Before we discuss the 8 port FEX, let’s take a look at the 4 port UCS 2140XP FEX and how the blade servers connect, or “pin” to them. The diagram below shows a single FEX. A single UCS 2140XP FEX has 4 x 10Gb uplinks to the 6100 Fabric Interconnect Module. The UCS 5108 chassis has 2 FEX per chassis, so each server would have a 10Gb connection per FEX. However, as you can see, the server shares that 10Gb connection with another blade server. I’m not an I/O guy, so I can’t say whether or not having 2 servers connect to the same 10Gb uplink port would cause problems, but simple logic would tell me that two items competing for the same resource “could” cause contention. If you decide to only connect 2 of the 4 external FEX ports, then you have all of the “odd #” blade servers connecting to port 1 and all of the “even # blades” connecting to port 2. Now you are looking at a 4 servers contending for 1 uplink port. Of course, if you only connect 1 external uplink, then you are looking at all 8 servers using 1 uplink port.

Introducing the 8 Port Fabric Extender (FEX)
I’ve looked around and can’t confirm if this product is really coming or not, but I’ve heard a rumour that there is going to be an 8 port version of the UCS 2100 series Fabric Extender. I’d imagine it would be the UCS 2180XP Fabric Extender and the diagram below shows what I picture it would look like. The biggest advantage I see of this design would be that each server would have a dedicated uplink port to the Fabric Interconnect. That being said, if the existing 20 and 40 port Fabric Interconnects remain, this 8 port FEX design would quickly eat up the available ports on the Fabric Interconnect switches since the FEX ports directly connect to the Fabric Interconnect ports. So – does this mean there is also a larger 6100 series Fabric Interconnect on the way? I don’t know, but it definitely seems possible.

What do you think of this rumoured new offering? Does having a 1:1 blade server to uplink port matter or is this just more

Intel officially announced today the Xeon 5600 processor, code named “Westmere.” Cisco, HP and IBM also announced their blade servers that have the new processor. The Intel Xeon 5600 offers:

  • 32nm process technology with 50% more threads and cache
  • Improved energy efficiency with support for 1.35V low power memory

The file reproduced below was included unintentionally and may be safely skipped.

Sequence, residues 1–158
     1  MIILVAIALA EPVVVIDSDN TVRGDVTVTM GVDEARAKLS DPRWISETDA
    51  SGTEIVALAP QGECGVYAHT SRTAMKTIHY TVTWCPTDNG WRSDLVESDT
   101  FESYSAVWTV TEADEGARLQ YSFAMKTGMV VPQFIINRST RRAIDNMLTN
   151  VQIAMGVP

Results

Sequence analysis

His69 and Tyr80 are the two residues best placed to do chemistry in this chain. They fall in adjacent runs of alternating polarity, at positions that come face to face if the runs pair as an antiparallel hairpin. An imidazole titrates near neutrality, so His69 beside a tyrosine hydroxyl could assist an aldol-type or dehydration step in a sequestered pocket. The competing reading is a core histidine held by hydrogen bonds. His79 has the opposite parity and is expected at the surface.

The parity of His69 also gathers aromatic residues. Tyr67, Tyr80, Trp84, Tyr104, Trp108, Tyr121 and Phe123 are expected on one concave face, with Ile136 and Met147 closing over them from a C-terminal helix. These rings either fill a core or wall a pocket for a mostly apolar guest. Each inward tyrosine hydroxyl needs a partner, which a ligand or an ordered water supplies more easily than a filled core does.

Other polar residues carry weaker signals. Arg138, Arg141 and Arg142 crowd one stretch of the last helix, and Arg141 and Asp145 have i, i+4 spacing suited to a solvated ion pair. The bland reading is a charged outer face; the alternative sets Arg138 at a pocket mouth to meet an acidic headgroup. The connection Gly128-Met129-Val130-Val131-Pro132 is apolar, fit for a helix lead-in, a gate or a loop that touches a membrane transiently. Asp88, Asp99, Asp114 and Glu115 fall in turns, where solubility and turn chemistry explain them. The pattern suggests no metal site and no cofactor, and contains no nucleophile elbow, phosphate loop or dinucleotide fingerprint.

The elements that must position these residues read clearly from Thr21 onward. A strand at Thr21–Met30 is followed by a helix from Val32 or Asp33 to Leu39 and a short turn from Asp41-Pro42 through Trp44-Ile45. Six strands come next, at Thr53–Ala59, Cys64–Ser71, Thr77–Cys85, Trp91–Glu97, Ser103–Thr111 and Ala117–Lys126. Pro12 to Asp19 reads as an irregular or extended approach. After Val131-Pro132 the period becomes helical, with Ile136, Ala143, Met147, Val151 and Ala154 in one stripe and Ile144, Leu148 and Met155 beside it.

There will be 4 core and 6 core offerings. This processor also provide the option of HyperThreading, so you could have up to 8 threads and 12 threads per processor, or 16 and 24 in a dual CPU system. This will be a huge advantage to applications that like multiple threads, like virtualization. Here’s a look at what each vendor has come out with:

Cisco B200 blade serverThe B200 M2 provides Cisco users with the current Xeon 5600 processors. It looks like Cisco will be offering a choice of the following Xeon 5600 processors: Intel Xeon X5670, X5650, E5640, E5620, L5640, or E5506. Because Cisco’s model is a “built-to-order” design, I can’t really provide any part numbers, but knowing what speeds they have should help.

HP is starting off with the Intel Xeon 5600 by bumping their existing G6 models to include the Xeon 5600 processor. The look, feel, and options of the blade servers will remain the same – the only difference will be the new processor. According to HP, “the HP ProLiant G6 platform, based on Intel Xeon 5600 processors, includes the HP ProLiant BL280c, BL2x220c, BL460c and BL490c server blades and HP ProLiant WS460c G6 workstation blade for organizations requiring high density and performance in a compact form factor. The latest HP ProLiant G6 platforms will be available worldwide on March 29.It appears that HP’s waiting until March 29 to provide details on their Westmere blade offerings, so don’t go looking for part numbers or pricing on their website.

IBM is continuing to stay ahead of the game with details about their product offerings. They’ve refreshed their HS22 and HS22v blade servers:

7870ECU – Express HS22, 2x Xeon 4C X5560 95W 2.80GHz/1333MHz/8MB L2, 4x2GB, O/Bay 2.5in SAS, SR MR10ie

7870G4U – HS22, Xeon 4C E5640 80W 2.66GHz/1066MHz/12MB, 3x2GB, O/Bay 2.5in SAS

7870GCU – HS22, Xeon 4C E5640 80W 2.66GHz/1066MHz/12MB, 3x2GB, O/Bay 2.5in SAS, Broadcom 10Gb Gen2 2-port

7870H2U -HS22, Xeon 6C X5650 95W 2.66GHz/1333MHz/12MB, 3x2GB, O/Bay 2.5in SAS

7870H4U – HS22, Xeon 6C X5670 95W 2.93GHz/1333MHz/12MB, 3x2GB, O/Bay 2.5in SAS

7870H5U – HS22, Xeon 4C X5667 95W 3.06GHz/1333MHz/12MB, 3x2GB, O/Bay 2.5in SAS

7870HAU – HS22, Xeon 6C X5650 95W 2.66GHz/1333MHz/12MB, 3x2GB, O/Bay 2.5in SAS, Emulex Virtual Fabric Adapter

7870N2U – HS22, Xeon 6C L5640 60W 2.26GHz/1333MHz/12MB, 3x2GB, O/Bay 2.5in SAS

7870EGU – Express HS22, 2x Xeon 4C E5630 80W 2.53GHz/1066MHz/12MB, 6x2GB, O/Bay 2.5in SAS